Brow Beat

Giant’s Milk Made Game of Thrones’ Tormund Strong—But What’s It Really Like?

An investigation.

Jaime Lannister, Berric Dondarion, Tormund Giantsbane, and Ser Jorah gather at Winterfell
You don’t get a luscious red beard like that by drinking juice. HBO/Helen Sloan

On Game of Thrones last night, while Westeros’ dwellers used their last night in peace to sneak in a final glass of wine or roll in the hay, Tormund Giantsbane saw the perfect moment to recount a weird story from his childhood. When he was 10, the redheaded wildling says, he slew a male giant and then nursed at its wife’s teat for three months. “Thought I was her baby,” Tormund grunts, as Jaime Lannister, Davos Seaworth, and Brienne of Tarth look on awkwardly. “That’s how I got so strong. Giant’s milk.”

The origin story, which also explains Tormund’s surname, derives from George R.R. Martin’s third novel A Storm of Swords, in which Tormund reveals a similar history while traveling with Jon Snow. In that version, Tormund explains that, as a boy, he once sliced open a sleeping giant’s stomach and crawled inside—The Revenant–style—for warmth. The giant awoke to confuse Tormund for “her babe,” and proceeded to suckle him “for three whole moons,” he says, adding, “There’s times I miss the taste o’ giant’s milk.”

While Game of Thrones does feature actual giants on both page and screen, it’s unclear whether we’re meant to take Tormund’s story as real or invented—especially given his other nickname: Tall-talker. But veracity aside, we’re curious about one detail from the story: What, exactly, does giant’s milk taste like? If Tormund misses it so much—and is nostalgic enough to relay the memory to an audience that includes his crush, Brienne—the milk must be pretty good, right?

Aside from the fast food chain Wendy’s—who chimed in on Twitter to clarify to absolutely no one that their “Frosty is not made of Giant’s milk”—our biggest clue lies in a 19th century folktale from the Grimm brothers called The Young Giant. The tale tells of a very small peasant boy (born the size of a thumb) who grows large and supernaturally strong after being kidnapped and nursed by a male giant. In the tale, the giant’s milk is presented as a substance of both reverence and fear: While it bestows the boy with extraordinary vigor, once he returns home to his peasant parents, they don’t recognize him and mistake him for a dangerous stranger. The boy, meanwhile, is no longer satisfied by human food and is forced to leave in search of extra nourishment. Presumably, this is due to his new size—after being reared by a giant, he’s too big for ordinary meals to sustain him. But if he was fulfilled by giant’s milk for so many years, it does suggest that the milk has a magical nourishing quality. (Like Soylent, but good?)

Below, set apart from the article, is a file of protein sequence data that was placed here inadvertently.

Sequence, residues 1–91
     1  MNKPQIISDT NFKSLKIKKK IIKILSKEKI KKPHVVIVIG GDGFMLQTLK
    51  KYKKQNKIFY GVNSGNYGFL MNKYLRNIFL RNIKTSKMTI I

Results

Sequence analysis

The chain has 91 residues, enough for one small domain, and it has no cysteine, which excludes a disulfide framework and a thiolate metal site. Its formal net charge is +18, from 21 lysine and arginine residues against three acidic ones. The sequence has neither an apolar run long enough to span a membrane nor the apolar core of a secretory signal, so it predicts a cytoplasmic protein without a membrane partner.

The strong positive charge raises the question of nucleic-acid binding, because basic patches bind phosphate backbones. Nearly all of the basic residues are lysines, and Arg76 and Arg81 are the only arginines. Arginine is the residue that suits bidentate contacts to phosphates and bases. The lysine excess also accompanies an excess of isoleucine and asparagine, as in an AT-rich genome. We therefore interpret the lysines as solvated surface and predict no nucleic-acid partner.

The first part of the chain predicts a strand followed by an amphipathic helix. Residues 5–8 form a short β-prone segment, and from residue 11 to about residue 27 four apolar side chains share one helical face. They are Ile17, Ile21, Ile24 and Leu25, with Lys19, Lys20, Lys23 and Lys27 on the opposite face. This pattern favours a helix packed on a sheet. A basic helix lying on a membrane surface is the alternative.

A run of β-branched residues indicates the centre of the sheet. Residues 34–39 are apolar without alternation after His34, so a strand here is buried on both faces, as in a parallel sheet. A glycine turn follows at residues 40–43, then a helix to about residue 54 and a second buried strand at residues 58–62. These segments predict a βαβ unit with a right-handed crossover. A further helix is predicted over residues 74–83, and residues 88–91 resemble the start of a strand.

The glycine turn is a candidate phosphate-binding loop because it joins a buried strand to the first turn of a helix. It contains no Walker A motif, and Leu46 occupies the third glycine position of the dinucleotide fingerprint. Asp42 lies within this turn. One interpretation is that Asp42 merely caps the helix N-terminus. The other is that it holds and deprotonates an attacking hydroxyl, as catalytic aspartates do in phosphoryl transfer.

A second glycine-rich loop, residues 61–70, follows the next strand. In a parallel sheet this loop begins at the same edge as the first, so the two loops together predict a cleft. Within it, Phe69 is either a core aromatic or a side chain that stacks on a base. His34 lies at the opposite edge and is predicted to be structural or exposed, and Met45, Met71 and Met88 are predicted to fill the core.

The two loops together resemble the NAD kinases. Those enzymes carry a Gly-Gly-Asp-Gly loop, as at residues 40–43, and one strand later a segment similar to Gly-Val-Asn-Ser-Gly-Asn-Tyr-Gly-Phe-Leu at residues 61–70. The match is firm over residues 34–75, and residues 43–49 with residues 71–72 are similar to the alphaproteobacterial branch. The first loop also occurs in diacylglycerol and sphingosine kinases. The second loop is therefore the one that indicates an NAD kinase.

Another clue as to the nature giant’s milk could lie in giant’s food, as diets do generally have a major effect on breast milk flavor. But in Game of Thrones, it’s not totally clear what giants eat. Along with rumors that they feast on human flesh, there are Old Nan’s fables of giants mixing blood into their morning porridge and gorging on bulls whole. Fortunately, it’s likely that these were only tall tales. Wun Wun, the giant we do meet, doesn’t fit the scary descriptions.

Given the White Walkers’ imminent arrival, we may never receive further insight into Tormund’s bizarre origin story, nor into the giant’s milk mystery. Then again, with Tormund, you never know—particularly if he continues to gulp down whatever’s inside that ivory horn.